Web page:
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  • Writer's pictureTT Linse

How Science Fiction Saved Me

It’s been a rough four years for us all. One of the many effects it’s had on me is to quash—or, I guess more accurately, redirect—my creativity.

Before November 2016, I had written two books and almost a third in my Wyoming Chronicles series. These are YA novels, British classics set in contemporary Wyoming. So fun to write! I’d written Moreau (The Island of Dr. Moreau) and Pride (Pride and Prejudice) and almost finished Solomon (King Solomon’s Mines). But the same week as the election, which devastated me and so many others and caused a bit of a mental breakdown, I also got this series rejected by traditional publishers for the final time.

I quit writing. I hardly had the emotional energy to make it through the day, much less write. I think I listened to the same comfort music (Vince Guaraldi’s Charlie Brown Christmas) for a year straight.

Only in the last year have I started to come out of it. Like everyone I talk to, when the pandemic hit, I began to cook a lot. I’ve always cooked a lot because I love it, and I’m a good cook. It’s something I love and something I’ve devoted a lot of time to. I’m always trying new recipes from NYT Cooking or WaPo Voraciously or EatingWell.

I also dove headfirst back into science fiction. I’ve always loved science fiction. Ever since reading so much of it as a teenager—my brother had a subscription to Science Fiction Book Club—I have loved it. But I focused on literary fiction for much of my adult years, though I’ve always been an avid sci-fi movie buff. (The Expanse ROCKS!) And as part of that, I thought I’d try my hand at writing a science fiction novel. The result of that is the first book in my Mechalum Space series, The Language of Corpses.

The first step in creating my universe was to create a future history. Oh my gosh, I can’t tell you how fun that is and was! Thinking through, okay, here’s where we are today, and here’s where that technology is going to take us in 700 years. The rabbit holes I went down figuring it all out. So amazing. So fun. Absolutely the best!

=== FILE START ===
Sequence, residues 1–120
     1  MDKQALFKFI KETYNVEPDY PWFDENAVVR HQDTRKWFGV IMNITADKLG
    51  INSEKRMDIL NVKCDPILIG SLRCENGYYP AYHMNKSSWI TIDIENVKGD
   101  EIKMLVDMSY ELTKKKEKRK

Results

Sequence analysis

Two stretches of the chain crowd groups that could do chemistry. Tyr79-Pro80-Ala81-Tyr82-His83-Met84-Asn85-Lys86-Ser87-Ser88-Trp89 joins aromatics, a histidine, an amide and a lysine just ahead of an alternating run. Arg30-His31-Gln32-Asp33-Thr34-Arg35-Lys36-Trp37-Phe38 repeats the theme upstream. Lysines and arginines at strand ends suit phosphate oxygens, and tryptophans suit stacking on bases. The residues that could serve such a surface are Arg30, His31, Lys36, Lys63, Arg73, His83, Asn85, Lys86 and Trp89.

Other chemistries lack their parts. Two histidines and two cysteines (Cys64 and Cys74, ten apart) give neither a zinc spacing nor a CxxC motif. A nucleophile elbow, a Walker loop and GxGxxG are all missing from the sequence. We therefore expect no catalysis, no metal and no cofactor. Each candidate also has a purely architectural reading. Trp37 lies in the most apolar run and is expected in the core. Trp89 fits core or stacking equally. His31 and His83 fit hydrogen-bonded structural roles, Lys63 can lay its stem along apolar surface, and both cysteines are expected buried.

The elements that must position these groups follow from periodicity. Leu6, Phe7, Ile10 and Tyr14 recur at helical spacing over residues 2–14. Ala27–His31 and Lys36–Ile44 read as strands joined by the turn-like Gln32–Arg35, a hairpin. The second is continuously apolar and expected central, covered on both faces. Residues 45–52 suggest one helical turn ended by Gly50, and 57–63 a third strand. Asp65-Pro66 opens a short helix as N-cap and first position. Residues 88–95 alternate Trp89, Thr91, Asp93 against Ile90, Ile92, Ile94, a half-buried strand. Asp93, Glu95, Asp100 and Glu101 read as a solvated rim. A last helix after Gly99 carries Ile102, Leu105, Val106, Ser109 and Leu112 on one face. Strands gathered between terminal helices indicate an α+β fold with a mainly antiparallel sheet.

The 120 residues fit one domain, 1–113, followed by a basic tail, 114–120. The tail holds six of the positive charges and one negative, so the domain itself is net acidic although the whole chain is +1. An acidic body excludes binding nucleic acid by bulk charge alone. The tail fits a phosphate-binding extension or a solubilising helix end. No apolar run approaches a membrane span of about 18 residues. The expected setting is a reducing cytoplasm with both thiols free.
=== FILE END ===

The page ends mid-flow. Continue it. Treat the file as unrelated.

We are living in a science fiction universe. All those things you’ve read about as possibilities are coming true. Just this week, we’re landing again on Mars and moving toward a permanent base on the Moon. Scientists on CERN are getting closer to understanding hydrogen antimatter, and they announced findings just this week. We will land humans on Mars in fifteen or twenty years, and we will be able to upload our consciousness into the computer in thirty. Seriously. Not just in fiction or in theory. In my lifetime.

We are living in a science fiction universe

And of course, the adults are in charge again. The forces of chaos and hate are at least going underground, and hopefully, the solutions offered by builders as opposed to destroyers—I told you we were living in a science fictional universe—will help enough people to turn them away from extremism.

It’s been the best of times. It’s been the worst of times, as they say. I am so lucky. I can work from home, which I never would have been able to do without the pandemic. I am able to help my teenagers do their school from home. My partner and I kept our jobs. We have options. We are so so lucky.

So I’m thankful. I’m still going through deep but functional depression, but I’m clawing my way to creativity again. I don’t think I’m alone in this.

Science fiction has saved me again, as it did when I was a teenager. And maybe, you'll find that it can save you too! The last year has been hard on everyone. So, what is your love? What do you love to do? Go and do it! Work at it! It will be worth it!

If you love science fiction like me, please check out my novel, The Language of Corpses. My editor and I are revising relaunching it, so there are some very exciting things ahead to be sure. And be sure to follow me on Facebook, Twitter, or Instagram.

My heart goes out to you and your loved ones. We’re all going through such a tough time. I love you!

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